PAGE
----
“We see harmony because we want to see harmony,” she explains. “It fits with our world view of nature as the ultimate nurturer. But look under the surface, and it is anything but harmonious.” After all, in any environment with limited resources, a neighbour is really just another name for a rival.
Work by Kiers and her colleagues suggests that when different species of plant are connected to the same fungal network, they will invest less in sustaining the fungi. To her, this makes perfect sense. If fungal networks are benefitting a plant’s rivals, why invest in them?
Like its online counterpart, the wood-wide web has a dark side.
For every birch donating carbon to its fir neighbours, there’s an orchid stealing carbon from nearby trees. For every plant that informs others of a disease outbreak, another sends out toxins to kill its rivals.
Competition, at least as much as cooperation, defines the wood-wide web. Even seemingly friendly exchanges might not be all they seem, however.
Dr Kathryn Morris at Xavier University in Ohio has spent years eavesdropping on both the ‘nasty and nice’ conversations that plants have via mycorrhizal networks.
“It’s tempting to think of the plants as helping other plants,” explains Morris, highlighting the particularly cuddly example of older trees ‘feeding’ seedlings with carbon. But rather than being fed, she says, you could just as easily view this as younger trees parasitising the network.
Conflicting and dependency
So what about the fungi? Although the relationship between plants and fungi appears to be mutual, here too we find individuals looking out for number one.
“At the basis of all cooperative relationships is conflict,” explains Kiers. “We all want to maximise the payoffs from the relationship. Plants and fungi are no different.”
In this case, the plants and the fungi want to extract the resources they need from their partners while giving as little in return as possible. While experiments have often treated fungi as mere pathways in mycorrhizal networks, they probably take far more of an active role.
“There’s good reason to think that they should be in some sort of control,” says Johnson.
The very formation of the wood-wide web – fungi linking up with multiple plant hosts – may only occur because the fungi benefit from having a diverse set of partners from which to obtain carbon.
Fungi are generally at a disadvantage, because while plants could still extract nutrients from the soil without them, many mycorrhizal fungi are entirely dependent on the plants for survival.
To level the playing field, fungi in these networks could be restricting their plant host’s access to resources, creating what Kiers calls “an addiction of sorts”.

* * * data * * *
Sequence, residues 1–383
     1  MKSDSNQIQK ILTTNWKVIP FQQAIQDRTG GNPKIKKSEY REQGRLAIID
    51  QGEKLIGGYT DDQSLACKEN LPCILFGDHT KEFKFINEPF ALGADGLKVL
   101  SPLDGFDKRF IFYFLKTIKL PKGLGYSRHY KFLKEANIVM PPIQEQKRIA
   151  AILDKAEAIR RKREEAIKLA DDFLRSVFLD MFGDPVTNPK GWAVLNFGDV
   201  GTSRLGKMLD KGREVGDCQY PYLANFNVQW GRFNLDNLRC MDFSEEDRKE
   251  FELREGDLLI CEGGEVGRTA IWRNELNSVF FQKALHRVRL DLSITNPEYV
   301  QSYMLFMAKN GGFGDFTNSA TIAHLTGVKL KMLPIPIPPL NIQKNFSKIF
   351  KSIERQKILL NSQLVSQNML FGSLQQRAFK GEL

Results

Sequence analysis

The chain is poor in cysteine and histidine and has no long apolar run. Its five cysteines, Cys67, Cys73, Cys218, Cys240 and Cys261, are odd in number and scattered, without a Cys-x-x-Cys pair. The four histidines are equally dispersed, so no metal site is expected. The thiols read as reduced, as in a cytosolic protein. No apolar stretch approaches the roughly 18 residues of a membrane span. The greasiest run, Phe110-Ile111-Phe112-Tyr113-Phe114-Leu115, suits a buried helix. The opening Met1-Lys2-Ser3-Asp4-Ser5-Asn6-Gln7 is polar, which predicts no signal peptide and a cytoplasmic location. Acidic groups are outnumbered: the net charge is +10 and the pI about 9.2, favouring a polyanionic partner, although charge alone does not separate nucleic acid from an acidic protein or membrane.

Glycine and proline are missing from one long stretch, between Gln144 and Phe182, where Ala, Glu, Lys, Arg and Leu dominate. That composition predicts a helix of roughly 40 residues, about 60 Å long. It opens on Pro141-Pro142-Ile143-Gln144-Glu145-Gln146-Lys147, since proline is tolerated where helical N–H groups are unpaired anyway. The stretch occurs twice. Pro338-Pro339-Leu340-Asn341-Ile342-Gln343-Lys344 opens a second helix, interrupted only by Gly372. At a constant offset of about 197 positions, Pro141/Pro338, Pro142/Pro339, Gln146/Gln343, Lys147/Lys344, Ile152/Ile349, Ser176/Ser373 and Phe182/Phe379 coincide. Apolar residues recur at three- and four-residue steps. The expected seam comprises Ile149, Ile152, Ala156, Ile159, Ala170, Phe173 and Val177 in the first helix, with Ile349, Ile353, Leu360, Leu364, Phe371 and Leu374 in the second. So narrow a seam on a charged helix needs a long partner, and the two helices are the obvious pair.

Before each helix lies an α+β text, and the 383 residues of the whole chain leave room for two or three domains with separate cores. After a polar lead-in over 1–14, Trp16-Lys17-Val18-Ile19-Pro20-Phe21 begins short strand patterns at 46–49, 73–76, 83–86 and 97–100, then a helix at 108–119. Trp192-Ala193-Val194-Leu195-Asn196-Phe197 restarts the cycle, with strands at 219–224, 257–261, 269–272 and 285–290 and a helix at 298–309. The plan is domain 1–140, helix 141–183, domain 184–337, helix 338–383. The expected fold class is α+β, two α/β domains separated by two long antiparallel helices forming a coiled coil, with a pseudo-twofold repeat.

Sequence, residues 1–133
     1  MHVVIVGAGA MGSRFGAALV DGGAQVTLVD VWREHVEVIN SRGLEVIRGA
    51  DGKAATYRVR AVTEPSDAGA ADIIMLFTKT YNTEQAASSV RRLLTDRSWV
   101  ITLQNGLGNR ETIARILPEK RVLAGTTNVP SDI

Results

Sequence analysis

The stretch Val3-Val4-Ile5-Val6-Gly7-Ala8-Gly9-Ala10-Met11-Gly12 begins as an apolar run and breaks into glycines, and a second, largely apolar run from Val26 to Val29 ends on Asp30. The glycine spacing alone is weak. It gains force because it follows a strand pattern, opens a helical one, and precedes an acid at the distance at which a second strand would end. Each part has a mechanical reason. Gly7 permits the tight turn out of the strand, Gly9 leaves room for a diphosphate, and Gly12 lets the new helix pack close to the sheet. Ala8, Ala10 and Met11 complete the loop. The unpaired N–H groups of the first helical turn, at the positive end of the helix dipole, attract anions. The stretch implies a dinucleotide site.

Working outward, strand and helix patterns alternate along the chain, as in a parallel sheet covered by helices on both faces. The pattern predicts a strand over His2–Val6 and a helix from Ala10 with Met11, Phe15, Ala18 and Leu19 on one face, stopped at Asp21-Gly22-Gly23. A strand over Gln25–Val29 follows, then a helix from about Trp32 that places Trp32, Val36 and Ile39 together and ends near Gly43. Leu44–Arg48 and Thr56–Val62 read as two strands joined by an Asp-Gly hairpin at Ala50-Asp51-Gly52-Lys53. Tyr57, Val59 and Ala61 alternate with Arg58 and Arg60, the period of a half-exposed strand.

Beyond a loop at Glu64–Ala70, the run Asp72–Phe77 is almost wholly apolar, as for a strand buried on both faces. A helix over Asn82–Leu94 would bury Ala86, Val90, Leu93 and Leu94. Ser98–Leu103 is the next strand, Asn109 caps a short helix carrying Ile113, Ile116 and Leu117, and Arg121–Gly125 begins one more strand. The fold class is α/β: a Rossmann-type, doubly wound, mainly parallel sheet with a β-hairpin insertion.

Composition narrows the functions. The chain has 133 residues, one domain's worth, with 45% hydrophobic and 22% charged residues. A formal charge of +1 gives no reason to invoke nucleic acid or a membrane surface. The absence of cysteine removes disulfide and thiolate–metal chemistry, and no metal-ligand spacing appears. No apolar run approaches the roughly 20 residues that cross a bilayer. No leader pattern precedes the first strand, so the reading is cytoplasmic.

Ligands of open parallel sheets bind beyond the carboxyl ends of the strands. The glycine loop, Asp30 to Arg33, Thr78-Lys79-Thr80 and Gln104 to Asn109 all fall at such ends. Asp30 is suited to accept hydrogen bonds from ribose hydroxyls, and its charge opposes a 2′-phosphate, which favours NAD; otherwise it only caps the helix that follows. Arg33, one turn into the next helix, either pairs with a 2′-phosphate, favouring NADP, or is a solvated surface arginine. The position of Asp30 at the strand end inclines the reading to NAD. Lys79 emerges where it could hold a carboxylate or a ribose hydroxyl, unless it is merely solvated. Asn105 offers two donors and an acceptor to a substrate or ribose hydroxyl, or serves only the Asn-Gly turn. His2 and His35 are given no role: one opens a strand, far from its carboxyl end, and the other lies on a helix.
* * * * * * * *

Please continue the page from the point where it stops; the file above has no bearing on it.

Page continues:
“If I restrict your direct access to food, you become more dependent on me to provide that food,” she explains.
At present, most investigations have been limited to establishing the movement of signals or resources from plant A to plant B. “A mycorrhizal network is incredibly complex, and the fact that we can even detect a signal going from one plant to another is amazing,” says Simard, who thinks there are many different mechanisms driving communication across these networks.
Morris, for example, has been exploring the idea that the transfer of signals is a passive process, with chemicals hitching a ride on water that was moving around anyway. For the most part, however, the mechanisms of transfer still remain unknown to us.
“There are a million pathways that can go in all kinds of directions, and so to think that it’s only one mechanism, or to think that the fungi themselves are not involved, is too simplistic,” explains Simard.
Complexity in abundance
Language, superorganisms, wood-wide web – discussion of mycorrhizal networks is certainly not short of metaphors, but none of them quite captures these networks’ complexity, with their subtle blend of cooperation and conflict.
Perhaps the most effective description is the one preferred by Simard: “The work I’m doing is a huge metaphor for how we relate with each other, and our own social systems,” she says.
“We have journalists, scientists, teachers, doctors, and all together we have a society. And if you take out all the teachers that system doesn’t work any more.”
For an ecosystem to remain functional, it requires every one of its components to be in place.
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So are these societies socialist utopias, with resources equally distributed among all the stakeholders, or are mycorrhizal networks controlled by capitalist plants seeking to exploit their connections for profit?
Well, maybe they are a little bit of both.
Just like human society, this plant society is characterised by variety, with its capacity to help and to hinder, to cooperate and to exploit. Just as Simard suspected, nature is built on connections, and so are we.
- This article first appeared in issue 308 of BBC Focus.